by Stephen Lendman / May 30th, 2010
Professor Jeremy Salt teaches political science at Ankara, Turkey’s Bilkent University. He’s also the author of The Unmaking of the Middle East: A History of Western Disorder in Arab Lands. On January 9, 2009, during Israel’s war on Gaza, he wrote “A Message to the brave Israeli Airmen,” asking:
What’s it like, firing missiles at people you can’t see?
Does that help, that you cannot see who you are killing?
Does it ease your conscience that you are not deliberately targeting
civilians, when, in fact, you are under Israel’s Dahiya Doctrine to use
enough “disproportionate force (to inflict) damage and met(e) out
punishment” against civilian infrastructure, “economic interests and
the centers of civilian power,” willfully slaughtering noncombatant
men, women and children;
How does this sit on your conscience?
Do you sleep well at night or do you have nightmares of the women
and children you killed in their homes, in their beds, in their
kitchens and living rooms, in their schools and mosques?
Do you really believe they threaten your security — farmers in their
fields, mothers with their children, teachers in classrooms, imams in
mosques, children at play, the elderly, frail or disabled?
Do you ever question what you’ve done and why? Have you no shame, no
sense of decency, no idea of the difference between right and wrong?
Will you follow orders blindly and do it again and again, mindless
about crimes of war and against humanity you, your superiors, and
government officials are accountable for under fundamental
“Brave” Israeli airmen, soldiers, sailors, and other security force
personnel have acted lawlessly for decades, including committing
appalling human rights crimes — a snapshot of some victims follows.
Persecuting Mazin Qumsiyeh
Qumsiyeh teaches and does research at Bethlehem and Birzeit
Universities in the West Bank. Earlier he taught at Yale, Duke, and the
University of Tennessee. Interested mainly in media activism and public
education, he’s been a board, steering, and executive committee member
of numerous activist organizations, and is President of the Palestinian
Center for Rapprochement Between People and coordinator of the Popular
Committee against the Apartheid Wall and Settlements in Beit Sahour.
His most recent book is titled, “Popular Resistance in Palestine: A
History of Hope and Empowerment.”
On the morning of May 6, Qumsiyeh and three others were arrested,
handcuffed, and taken to an unknown destination. He explained what
In Al-Wallaja, his “ten hour ordeal” began at 8:30AM. The village is
near the Green line. Israel’s Separation Wall route will encircle it.
It’s already lost much of its land. Residents fear losing the rest, so
to prevent it they resist.
Israeli bulldozers have demolished numerous homes. Heroic villagers
inspired others, “including Internationals and Israelis to join them in
their popular resistance…. Today’s started as we came through the woods
and sat in front of the bulldozer.”
“As the soldiers gathered their forces around us, you could feel
(them) preparing themselves for attack. We remained calm and peaceful.
They dragged us one by one forcefully from the bulldozed lands. They
picked the four of us for arrest for no obvious reason” — Qumsiyeh, two
Palestinian brothers, and a Canadian activist.
They beat, clubbed, rifle-butted, and pepper-sprayed the two
brothers. All four were then taken to a military checkpoint, told to
sit and wait, then ordered “to sign a paper claiming… we were not
beaten or mistreated.”
They refused, then taken to “the investigation offices near Qubbit
Raheel (Rachel’s tomb), (and) locked up in a metal container.” Hours
later, they were interrogated individually, asked, but refused, to sign
other papers. Painfully handcuffed, they were returned to the container.
Next on to Talpiot police station to be fingerprinted and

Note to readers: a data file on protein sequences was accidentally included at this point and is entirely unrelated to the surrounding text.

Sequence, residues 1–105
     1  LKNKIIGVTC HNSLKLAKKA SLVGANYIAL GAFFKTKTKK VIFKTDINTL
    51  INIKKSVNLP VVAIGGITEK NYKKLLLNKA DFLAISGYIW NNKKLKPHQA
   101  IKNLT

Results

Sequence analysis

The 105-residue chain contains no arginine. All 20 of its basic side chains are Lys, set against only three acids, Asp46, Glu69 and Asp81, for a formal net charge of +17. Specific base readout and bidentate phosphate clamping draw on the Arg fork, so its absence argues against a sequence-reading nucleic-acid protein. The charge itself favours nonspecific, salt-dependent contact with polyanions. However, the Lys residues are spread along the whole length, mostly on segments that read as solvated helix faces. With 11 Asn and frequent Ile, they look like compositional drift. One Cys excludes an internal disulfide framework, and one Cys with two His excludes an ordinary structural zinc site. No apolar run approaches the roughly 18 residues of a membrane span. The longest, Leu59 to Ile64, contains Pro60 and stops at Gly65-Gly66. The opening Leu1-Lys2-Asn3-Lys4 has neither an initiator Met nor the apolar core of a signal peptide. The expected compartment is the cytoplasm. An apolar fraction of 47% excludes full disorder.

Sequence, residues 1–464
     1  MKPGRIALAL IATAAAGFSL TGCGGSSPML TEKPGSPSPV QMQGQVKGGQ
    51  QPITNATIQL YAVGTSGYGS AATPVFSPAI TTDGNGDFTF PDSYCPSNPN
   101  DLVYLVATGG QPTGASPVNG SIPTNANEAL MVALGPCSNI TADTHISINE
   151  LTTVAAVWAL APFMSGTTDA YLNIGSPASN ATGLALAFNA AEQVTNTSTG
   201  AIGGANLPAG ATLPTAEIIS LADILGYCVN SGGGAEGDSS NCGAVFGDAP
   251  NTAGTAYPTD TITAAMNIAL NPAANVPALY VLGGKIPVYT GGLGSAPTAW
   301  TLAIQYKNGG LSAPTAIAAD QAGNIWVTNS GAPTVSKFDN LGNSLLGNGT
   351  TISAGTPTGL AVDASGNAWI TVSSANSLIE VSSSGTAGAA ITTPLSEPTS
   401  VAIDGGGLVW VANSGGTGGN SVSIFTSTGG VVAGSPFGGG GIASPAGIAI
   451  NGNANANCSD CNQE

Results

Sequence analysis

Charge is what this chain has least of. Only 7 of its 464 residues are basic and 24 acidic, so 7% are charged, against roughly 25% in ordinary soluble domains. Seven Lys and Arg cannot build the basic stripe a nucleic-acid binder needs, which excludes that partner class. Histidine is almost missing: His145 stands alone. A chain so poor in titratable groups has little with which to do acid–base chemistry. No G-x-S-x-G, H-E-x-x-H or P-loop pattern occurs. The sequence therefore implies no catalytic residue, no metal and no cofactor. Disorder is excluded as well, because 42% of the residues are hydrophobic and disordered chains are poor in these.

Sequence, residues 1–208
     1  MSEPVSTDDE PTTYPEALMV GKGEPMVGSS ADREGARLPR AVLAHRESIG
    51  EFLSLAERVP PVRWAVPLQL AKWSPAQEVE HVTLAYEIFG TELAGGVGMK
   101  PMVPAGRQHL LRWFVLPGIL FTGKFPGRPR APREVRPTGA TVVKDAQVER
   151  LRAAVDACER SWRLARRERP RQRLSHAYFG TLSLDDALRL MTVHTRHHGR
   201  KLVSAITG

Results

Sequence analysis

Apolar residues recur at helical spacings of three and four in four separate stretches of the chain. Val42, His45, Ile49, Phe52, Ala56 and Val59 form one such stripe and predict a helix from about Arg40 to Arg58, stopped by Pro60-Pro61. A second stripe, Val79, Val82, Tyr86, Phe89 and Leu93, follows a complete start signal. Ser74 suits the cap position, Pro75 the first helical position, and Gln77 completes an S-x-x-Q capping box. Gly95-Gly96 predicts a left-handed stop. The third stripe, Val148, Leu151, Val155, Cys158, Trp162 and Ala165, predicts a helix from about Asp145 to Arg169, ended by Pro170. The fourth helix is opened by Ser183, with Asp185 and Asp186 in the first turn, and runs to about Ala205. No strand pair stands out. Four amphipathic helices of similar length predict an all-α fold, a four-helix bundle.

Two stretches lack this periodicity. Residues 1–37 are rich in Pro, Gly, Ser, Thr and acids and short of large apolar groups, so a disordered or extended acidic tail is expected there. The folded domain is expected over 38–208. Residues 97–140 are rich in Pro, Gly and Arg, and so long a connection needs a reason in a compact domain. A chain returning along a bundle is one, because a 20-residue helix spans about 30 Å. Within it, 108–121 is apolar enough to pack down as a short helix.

photographed. “It was now nearly 5:30 and we were starving…. Finally
they br(ought) us some bread, each a slice of cheese and a small packet
of jam.” Together they were “dragged in front of a new investigator who
asked us to sign a release form that says we are told to stay away from
the wall… for 15 days and if we don’t we will (each) have to pay” about
$1,200. They signed, were released, but not given their ID cards. Later
they got them. “Life goes on in the land of Apartheid. Stay tuned.”
As coordinator of the Popular Committee against the Apartheid Wall
and Settlements in Beit Sahour, Qumsiyeh leads Palestinian grassroots
resistance against “Israeli occupation and colonization” as well as
“stopping and dismantling” what the International Court of Justice
(ICJ) called illegal, ordering the Wall’s demolition and for Israel “to
make reparation for all damage caused by the construction… including in
and around East Jerusalem.”
As the “main national grassroots body mobilizing and organizing
resistance against” the Wall, the Campaign “coordinates the work of 54
popular committees in communities” targeted for (or now being)
destroyed by its construction.
Strategies against it include raising awareness internationally;
national and community resistance; mobilizing solidarity among affected
communities, the Arab world, civil society, and unions; calling for
global boycott, divestment and sanctions; and enlisting international
popular support for justice.
Attacking Disabled Palestinians in Gaza
Besides the occupation, siege, regular incursions, and overall reign
of terror against 1.5 million people, Israel targets the disabled,
explained by the Palestinian Centre for Human Rights (PCHR) in a
December 2009 report titled, “Israeli Attacks on Palestinian Disabled
Persons in the Gaza Strip,” from September 1, 2003-November 30 2009.
It covers willful assaults against disabled civilians, and others
incapacitated by attacks. Of most concern was Operation Cast Lead’s
23-day assault from December 27, 2008-January 18, 2009, inflicting
massive numbers of deaths and injuries, as well as widespread
destruction, mostly against civilians, their homes, mosques,
businesses, factories, farms, schools, and hospitals — clear
non-military targets. The siege’s effect on health, education, and
other vital services was also addressed.
During the reporting period, 31 disabled Palestinians were killed,
including four women, and six children. Another 600 sustained permanent
disabilities, mostly physical. In addition, because of inadequate or
unavailable food, medicines, medical equipment, fuel, clean water,
sanitation, and the ability to leave or enter freely, the negative
impact has been enormous.
“At the same time, foreign medical and technical personnel have not
been able to enter (Gaza) to help the disabled and provide them with
necessary medical and rehabilitation services.” As for the overall
effect of the siege, the longer it continues the more harm it inflicts
on those least able to cope. Precisely Israel’s strategic aim — to
strangle and smother all Gazans, the elderly, infirm and disabled the
Amnesty International (AI) on Israeli War Crimes
In its 2010 annual report, AI accused Western nations of shielding